SOME EVIDENCE ON THE EFFECT OF MANPOWER TRAINING PROGRAMS ON THE BLACK/WHITE WAGE DIFFERENTIAL.

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    • Abstract:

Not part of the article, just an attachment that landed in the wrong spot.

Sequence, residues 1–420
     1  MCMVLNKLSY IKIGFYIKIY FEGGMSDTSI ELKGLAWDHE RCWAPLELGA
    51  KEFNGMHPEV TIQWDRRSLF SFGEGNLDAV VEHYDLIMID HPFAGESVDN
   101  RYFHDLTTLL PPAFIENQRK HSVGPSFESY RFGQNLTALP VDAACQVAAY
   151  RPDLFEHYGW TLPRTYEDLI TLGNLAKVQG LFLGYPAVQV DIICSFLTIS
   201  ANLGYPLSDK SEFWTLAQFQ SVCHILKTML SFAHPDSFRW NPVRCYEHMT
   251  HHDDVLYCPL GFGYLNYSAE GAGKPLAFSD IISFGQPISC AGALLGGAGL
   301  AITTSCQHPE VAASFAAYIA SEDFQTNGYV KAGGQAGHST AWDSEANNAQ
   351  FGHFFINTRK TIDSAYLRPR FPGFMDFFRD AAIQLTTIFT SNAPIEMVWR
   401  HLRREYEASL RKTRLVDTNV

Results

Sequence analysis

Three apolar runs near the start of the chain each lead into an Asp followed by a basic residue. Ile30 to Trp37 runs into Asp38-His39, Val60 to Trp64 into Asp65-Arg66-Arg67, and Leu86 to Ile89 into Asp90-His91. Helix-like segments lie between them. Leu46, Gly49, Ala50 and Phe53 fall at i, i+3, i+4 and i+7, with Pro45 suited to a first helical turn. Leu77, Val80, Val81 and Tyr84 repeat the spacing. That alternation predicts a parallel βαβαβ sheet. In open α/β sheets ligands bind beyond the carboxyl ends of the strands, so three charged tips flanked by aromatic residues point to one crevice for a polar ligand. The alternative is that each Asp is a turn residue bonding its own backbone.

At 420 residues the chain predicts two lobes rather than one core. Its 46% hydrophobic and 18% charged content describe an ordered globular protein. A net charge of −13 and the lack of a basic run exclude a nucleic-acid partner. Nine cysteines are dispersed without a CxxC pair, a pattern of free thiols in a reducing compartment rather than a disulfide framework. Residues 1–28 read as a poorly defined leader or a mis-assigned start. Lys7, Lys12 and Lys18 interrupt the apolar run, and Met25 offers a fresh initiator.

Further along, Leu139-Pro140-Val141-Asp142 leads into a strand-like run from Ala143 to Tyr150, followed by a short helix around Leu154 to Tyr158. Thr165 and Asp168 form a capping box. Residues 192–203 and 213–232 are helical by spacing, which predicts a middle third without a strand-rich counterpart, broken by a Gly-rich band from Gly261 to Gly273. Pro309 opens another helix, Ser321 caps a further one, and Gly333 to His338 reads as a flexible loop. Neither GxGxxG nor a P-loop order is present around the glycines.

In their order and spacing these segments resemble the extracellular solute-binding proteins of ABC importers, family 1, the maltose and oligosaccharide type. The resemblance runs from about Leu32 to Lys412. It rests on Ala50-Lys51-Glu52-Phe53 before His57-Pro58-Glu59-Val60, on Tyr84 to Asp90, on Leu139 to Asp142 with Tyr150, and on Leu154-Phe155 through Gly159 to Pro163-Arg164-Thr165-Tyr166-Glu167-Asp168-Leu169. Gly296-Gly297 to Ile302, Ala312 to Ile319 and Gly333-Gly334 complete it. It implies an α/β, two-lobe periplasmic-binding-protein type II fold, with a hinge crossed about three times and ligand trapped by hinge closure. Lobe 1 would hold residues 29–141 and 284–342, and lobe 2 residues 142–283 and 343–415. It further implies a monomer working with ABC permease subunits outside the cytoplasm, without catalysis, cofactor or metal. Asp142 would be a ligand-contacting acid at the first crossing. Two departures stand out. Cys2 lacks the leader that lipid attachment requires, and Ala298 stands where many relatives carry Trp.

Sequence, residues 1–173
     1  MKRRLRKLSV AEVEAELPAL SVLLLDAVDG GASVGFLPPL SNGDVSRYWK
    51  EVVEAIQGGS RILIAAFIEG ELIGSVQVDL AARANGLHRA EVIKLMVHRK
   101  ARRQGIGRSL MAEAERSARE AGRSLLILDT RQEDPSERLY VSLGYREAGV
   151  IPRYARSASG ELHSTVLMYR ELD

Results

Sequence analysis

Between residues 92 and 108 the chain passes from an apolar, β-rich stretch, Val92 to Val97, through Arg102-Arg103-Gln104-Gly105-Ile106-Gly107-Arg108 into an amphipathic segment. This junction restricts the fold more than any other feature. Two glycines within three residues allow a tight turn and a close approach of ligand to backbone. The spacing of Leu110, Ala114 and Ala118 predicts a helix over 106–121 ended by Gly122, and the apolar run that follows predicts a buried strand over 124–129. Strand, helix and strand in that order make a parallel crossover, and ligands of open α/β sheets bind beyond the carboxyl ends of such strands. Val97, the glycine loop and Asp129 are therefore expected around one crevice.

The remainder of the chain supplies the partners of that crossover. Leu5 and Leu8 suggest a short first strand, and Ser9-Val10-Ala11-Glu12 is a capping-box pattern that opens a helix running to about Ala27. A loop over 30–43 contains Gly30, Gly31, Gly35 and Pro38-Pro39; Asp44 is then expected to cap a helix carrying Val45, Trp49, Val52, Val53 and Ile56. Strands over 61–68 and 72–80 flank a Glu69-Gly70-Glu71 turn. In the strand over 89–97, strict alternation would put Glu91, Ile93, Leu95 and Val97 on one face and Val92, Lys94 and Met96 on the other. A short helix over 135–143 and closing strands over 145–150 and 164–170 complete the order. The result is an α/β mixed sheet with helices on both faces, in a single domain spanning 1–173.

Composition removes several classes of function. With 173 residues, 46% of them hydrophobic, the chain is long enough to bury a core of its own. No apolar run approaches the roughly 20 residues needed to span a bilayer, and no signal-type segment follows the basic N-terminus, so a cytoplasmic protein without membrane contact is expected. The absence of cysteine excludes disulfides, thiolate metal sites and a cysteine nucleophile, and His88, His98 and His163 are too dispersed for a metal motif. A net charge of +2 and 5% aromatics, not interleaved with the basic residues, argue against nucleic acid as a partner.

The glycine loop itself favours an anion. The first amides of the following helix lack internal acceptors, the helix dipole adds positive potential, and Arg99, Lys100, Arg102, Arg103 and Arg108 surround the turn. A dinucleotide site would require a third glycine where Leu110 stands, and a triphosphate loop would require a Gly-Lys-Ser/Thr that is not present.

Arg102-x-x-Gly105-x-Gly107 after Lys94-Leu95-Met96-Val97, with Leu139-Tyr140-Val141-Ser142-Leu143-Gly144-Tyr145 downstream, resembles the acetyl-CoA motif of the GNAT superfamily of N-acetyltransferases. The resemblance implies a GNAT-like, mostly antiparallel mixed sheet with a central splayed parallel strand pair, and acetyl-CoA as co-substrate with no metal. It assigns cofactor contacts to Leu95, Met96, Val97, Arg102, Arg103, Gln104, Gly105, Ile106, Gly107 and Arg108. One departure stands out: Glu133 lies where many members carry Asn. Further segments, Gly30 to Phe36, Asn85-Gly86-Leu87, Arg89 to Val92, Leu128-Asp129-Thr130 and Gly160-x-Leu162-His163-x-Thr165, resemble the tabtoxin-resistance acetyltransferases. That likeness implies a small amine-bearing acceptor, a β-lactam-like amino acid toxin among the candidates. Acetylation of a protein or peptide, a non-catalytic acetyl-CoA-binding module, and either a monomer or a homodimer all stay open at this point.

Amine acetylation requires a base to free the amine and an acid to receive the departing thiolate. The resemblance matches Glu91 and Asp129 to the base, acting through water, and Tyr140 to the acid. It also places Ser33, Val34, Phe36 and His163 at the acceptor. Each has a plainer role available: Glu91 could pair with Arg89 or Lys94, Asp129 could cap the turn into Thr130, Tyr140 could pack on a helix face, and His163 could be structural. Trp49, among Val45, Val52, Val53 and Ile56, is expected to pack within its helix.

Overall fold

This article focuses on a study which examined the effect of manpower training programs on the average wage of African American workers relative to the average wage of White workers from 1963 to 1972. The Manpower Development and Training Act of 1962 was passed primarily on the assumption that widespread job vacancies existed and that unemployment could be reduced by training the unemployed to full them. Operating on the erroneous assumption that technological and structural changes in the U.S. economy have caused job vacancies, the designers of the original program stressed the retraining of experienced workers. The social unrest of the middle 1960s and the changing mix of unemployment, however, resulted in the increased enrollment of disadvantaged workers. To many observers, the distributional impacts of the programs are more important than the general efficiency criterion. Despite the admitted importance of the equity criterion, little quantitative evidence on the distributional impact of training programs is available. The factors that will determine the effects of the presence of manpower training programs on the African American/white wage ratio are within the respective labor forces, the proportion that has undergone manpower training, the extent to which manpower training increases the wages of black workers who have undergone training, and difference in the effects of the presence of manpower training programs on the wages of black and white workers who have not undergone manpower training.